10 February 2012, Sweetcrude, ENUGU—The National Electricity Regulatory Commission (NERC), Thursday, reassured Nigerians on the commitment of President Goodluck Jonathan’s administration to achieve its target of improved power supply before 2015.
According to NERC, the various agencies saddled with the responsibility are working assiduously to realise the target.
Speaking with newsmen after visiting Governor Sullivan Chime of Enugu State, Chairman of NERC, Dr Sam Amadi, disclosed that while the nation awaited improved power supply, NERC was already devising strategies at ensuring that consumers were not exploited by officials of the various power agencies.
He said consumer satisfaction and service delivery remained the focus of the ongoing reforms in the power sector, adding that under the new tariff regime developed by his commission, electricity distribution companies were required to defend their efficiency before they could charge their customers.
“The concern for electricity consumers to get value for their money had compelled us to invite the distribution companies to defend their cost elements during the consultations for the tariff regime. Under the new arrangement, consumers will be shielded from bearing the brunt of paying for services that are not rendered by the electricity distribution companies,” he stated.
Amadi used the forum to list some of the efforts already put in place to cater for the consumers to include recent order of the commission on removal of the metre maintenance fee, explaining that the action alone saves the electricity consumer an average of N1,000 monthly.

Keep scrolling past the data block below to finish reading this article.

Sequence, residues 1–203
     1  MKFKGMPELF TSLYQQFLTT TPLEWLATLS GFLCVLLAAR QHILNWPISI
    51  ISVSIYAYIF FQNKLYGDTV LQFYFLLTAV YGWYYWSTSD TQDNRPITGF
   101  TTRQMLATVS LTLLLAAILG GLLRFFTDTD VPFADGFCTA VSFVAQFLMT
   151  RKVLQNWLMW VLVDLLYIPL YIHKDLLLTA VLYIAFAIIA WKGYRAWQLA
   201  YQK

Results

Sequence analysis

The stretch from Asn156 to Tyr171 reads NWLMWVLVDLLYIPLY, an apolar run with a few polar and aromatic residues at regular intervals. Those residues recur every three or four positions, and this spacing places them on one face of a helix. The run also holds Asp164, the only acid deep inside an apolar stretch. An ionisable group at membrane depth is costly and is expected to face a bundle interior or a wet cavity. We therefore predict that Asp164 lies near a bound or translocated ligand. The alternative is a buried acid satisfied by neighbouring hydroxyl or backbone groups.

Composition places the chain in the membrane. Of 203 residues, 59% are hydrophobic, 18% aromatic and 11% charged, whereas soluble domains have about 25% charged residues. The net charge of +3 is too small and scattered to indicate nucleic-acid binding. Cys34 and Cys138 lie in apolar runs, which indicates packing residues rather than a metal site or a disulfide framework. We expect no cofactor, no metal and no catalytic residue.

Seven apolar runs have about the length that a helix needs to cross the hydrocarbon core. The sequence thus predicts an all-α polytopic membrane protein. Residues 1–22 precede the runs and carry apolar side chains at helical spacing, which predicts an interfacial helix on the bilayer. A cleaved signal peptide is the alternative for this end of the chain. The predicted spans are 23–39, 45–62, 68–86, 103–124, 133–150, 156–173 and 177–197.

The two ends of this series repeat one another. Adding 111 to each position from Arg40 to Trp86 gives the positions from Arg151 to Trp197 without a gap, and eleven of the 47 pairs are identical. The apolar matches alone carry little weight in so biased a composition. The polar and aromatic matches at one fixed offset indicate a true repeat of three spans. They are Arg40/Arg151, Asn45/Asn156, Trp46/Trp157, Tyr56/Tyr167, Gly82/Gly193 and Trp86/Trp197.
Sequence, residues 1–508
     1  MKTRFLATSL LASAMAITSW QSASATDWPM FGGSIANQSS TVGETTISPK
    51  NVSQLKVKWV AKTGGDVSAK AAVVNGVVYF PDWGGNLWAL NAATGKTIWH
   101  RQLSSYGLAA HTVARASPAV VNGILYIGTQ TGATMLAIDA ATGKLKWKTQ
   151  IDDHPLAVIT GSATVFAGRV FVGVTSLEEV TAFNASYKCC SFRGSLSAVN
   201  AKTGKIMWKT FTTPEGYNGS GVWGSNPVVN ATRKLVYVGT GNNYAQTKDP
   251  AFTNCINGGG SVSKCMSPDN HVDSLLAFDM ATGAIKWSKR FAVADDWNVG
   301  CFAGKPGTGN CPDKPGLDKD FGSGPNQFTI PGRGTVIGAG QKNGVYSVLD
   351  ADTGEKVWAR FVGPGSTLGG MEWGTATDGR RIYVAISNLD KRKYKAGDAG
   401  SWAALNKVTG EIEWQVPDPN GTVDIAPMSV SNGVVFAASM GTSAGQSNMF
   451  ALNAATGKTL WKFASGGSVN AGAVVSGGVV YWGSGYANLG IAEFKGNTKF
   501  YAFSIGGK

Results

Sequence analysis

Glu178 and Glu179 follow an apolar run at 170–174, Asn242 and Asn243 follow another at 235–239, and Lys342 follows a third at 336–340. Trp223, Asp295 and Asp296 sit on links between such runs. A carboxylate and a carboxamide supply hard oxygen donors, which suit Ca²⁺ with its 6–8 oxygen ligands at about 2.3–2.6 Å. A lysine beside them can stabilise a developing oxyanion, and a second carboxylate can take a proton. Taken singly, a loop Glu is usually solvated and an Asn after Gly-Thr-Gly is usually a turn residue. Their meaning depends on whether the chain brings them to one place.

He also disclosed that the commission released about N2billion of the industry’s funds (EDC) last year for procurement of metres for their customers, adding that a framework is being worked out to ensure that those consumers who have not yet been metered and who are still on estimated billing are not exploited.
Governor Chime had told the visiting NERC team led by Dr Amadi that there was need for the authorities to make effective use of the natural resources in the country, insisting that until that was done, the nation’s quest to achieve a steady power supply in the near future would remain a mirage.
“We have coal here; enough one for that matter but nothing is being done about it. All these talks about steady power supply to me looks like a child’s play unless we begin to harness these resources. If we are serious about what we are talking, we must have to encourage our people who have shown interest to explore the opportunity of mining this coal,” he stated.